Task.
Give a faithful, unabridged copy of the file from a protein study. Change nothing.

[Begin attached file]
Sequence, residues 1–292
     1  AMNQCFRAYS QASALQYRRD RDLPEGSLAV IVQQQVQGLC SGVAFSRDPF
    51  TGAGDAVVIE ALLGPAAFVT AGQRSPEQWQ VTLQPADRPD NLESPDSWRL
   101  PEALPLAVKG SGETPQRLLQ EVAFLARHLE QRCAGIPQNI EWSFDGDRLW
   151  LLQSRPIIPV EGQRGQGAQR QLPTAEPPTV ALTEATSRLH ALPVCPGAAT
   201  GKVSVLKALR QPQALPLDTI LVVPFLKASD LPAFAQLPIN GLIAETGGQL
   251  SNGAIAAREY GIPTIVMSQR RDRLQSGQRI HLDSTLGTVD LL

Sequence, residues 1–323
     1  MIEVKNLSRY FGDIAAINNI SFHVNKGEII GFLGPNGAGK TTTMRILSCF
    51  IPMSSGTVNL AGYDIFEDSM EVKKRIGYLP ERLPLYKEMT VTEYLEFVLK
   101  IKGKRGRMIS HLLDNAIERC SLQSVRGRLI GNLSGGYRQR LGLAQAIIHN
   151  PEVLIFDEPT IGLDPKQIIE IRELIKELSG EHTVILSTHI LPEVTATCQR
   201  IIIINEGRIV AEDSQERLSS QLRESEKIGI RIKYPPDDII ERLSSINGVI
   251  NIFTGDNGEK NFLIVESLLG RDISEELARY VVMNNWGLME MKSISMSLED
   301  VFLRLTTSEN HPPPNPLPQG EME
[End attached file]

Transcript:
Sequence, residues 1–292
     1  AMNQCFRAYS QASALQYRRD RDLPEGSLAV IVQQQVQGLC SGVAFSRDPF
    51  TGAGDAVVIE ALLGPAAFVT AGQRSPEQWQ VTLQPADRPD NLESPDSWRL
   101  PEALPLAVKG SGETPQRLLQ EVAFLARHLE QRCAGIPQNI EWSFDGDRLW
   151  LLQSRPIIPV EGQRGQGAQR QLPTAEPPTV ALTEATSRLH ALPVCPGAAT
   201  GKVSVLKALR QPQALPLDTI LVVPFLKASD LPAFAQLPIN GLIAETGGQL
   251  SNGAIAAREY GIPTIVMSQR RDRLQSGQRI HLDSTLGTVD LL

Sequence, residues 1–323
     1  MIEVKNLSRY FGDIAAINNI SFHVNKGEII GFLGPNGAGK TTTMRILSCF
    51  IPMSSGTVNL AGYDIFEDSM EVKKRIGYLP ERLPLYKEMT VTEYLEFVLK
   101  IKGKRGRMIS HLLDNAIERC SLQSVRGRLI GNLSGGYRQR LGLAQAIIHN
   151  PEVLIFDEPT IGLDPKQIIE IRELIKELSG EHTVILSTHI LPEVTATCQR
   201  IIIINEGRIV AEDSQERLSS QLRESEKIGI RIKYPPDDII ERLSSINGVI
   251  NIFTGDNGEK NFLIVESLLG RDISEELARY VVMNNWGLME MKSISMSLED
   301  VFLRLTTSEN HPPPNPLPQG EME